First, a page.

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Tract of Education. I shall detain you no longer in the demonstration of what we should not do, but strait conduct ye to a hill side, where I will point ye out the right path of a very ous and noble education; laborious indeed at the fir. ascent, but else so smooth, so green, so full of goodl prospect, and melodious sounds on every side, that tl; harp of Orpheus was not more charming.
Enflamed with the study of learning and the admiration of vertue; stirred up with high hopes of living to be brave men, and worthy patriots, dear to God, and famous to all ages.
Areopagitica. Methinks I see in my mind a noble and puissant nation rousing herself like a strong man after sleep, and shaking her invincible locks; methinks I see her as an eagle mewing her mighty youth, and kindling her undazzled eyes at the full midday beam.
In those vernal seasons of the year, when the air calm and pleasant, it were an injury and a sullenness against Nature not to go out and see her riches, and par take in her rejoicing with heaven and earth.
As good almost kill a Man; as kill a good Booke; who kills a Man kills a reasonable creature, God's Image; but he who destroys a good Booke kills reason itselfe. . . .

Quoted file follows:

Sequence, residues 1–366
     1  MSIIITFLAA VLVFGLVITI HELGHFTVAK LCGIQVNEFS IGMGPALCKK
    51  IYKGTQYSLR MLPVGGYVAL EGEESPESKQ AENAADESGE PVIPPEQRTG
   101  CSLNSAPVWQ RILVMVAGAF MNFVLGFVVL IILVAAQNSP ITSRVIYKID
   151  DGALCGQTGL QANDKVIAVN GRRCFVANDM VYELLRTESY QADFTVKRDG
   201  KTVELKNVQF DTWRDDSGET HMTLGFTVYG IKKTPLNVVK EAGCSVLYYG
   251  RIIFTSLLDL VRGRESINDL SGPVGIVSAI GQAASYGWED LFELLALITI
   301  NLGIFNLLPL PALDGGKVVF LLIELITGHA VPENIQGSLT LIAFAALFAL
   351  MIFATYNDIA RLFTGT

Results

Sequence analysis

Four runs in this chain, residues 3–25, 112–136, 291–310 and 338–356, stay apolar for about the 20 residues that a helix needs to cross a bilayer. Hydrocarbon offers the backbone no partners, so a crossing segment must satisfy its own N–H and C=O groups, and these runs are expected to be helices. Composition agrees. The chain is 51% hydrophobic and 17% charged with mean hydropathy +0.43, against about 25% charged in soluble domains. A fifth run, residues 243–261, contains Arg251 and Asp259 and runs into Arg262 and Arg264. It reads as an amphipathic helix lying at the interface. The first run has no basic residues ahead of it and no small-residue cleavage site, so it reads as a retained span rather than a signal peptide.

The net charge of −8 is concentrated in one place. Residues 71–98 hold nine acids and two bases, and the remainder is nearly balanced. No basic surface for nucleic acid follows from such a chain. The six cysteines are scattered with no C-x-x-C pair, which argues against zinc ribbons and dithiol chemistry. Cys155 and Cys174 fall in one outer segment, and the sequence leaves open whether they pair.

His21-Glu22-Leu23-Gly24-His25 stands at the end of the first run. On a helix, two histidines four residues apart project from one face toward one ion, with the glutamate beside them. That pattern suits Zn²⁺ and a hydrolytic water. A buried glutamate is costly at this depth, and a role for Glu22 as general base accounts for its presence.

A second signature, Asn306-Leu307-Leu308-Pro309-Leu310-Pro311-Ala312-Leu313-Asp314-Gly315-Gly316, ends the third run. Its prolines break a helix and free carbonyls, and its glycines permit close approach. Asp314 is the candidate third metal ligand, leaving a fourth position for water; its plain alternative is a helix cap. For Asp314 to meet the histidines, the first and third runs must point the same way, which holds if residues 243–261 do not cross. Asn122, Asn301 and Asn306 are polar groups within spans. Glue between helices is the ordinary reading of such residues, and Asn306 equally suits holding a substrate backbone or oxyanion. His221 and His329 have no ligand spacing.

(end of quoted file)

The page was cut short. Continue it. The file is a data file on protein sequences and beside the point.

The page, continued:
A good book is the pretious life-blood of a master spirit embalmed and treasured up on purpose to a life beyond life.
History of England. Book 1. ad fin. By this time, like one who had set out on his way by night, and travailed through a Region of smooth or idle Dreams, our History now arrives on the Confines, where daylight and truth meet us with a clear dawn, representing to our view, though at far distance, true colors and shapes.
The Doctrine and Discipline of Divorce. For truth is as impossible to be soiled by any outward touch as the sunbeam.
Iconoclastes xxiiii. ad fin. For such kind of borrowing as this, if it be not bettered by the borrower, among good authors is accounted. Plagiare.
Fables from several Authors. Fable 398.
PARADISE REGAINED. Book iii. Line 56. Of whom to be dispraised were no small praise.
Book iv. Line 240. Athens, the eye of Greece, mother of arts And eloquence.
Book iv. Line 2 67.
Bookiv. Line 330.
Line 1350. He 's gone, and who knows how he may report Thy words, by adding fuel to the flame?
Line 1695. Tame villatic fowl.
Virtue could see to do what virtue would
Comas — Continued.
By her own radiant light, though sun and moon Were in the flat sea sunk.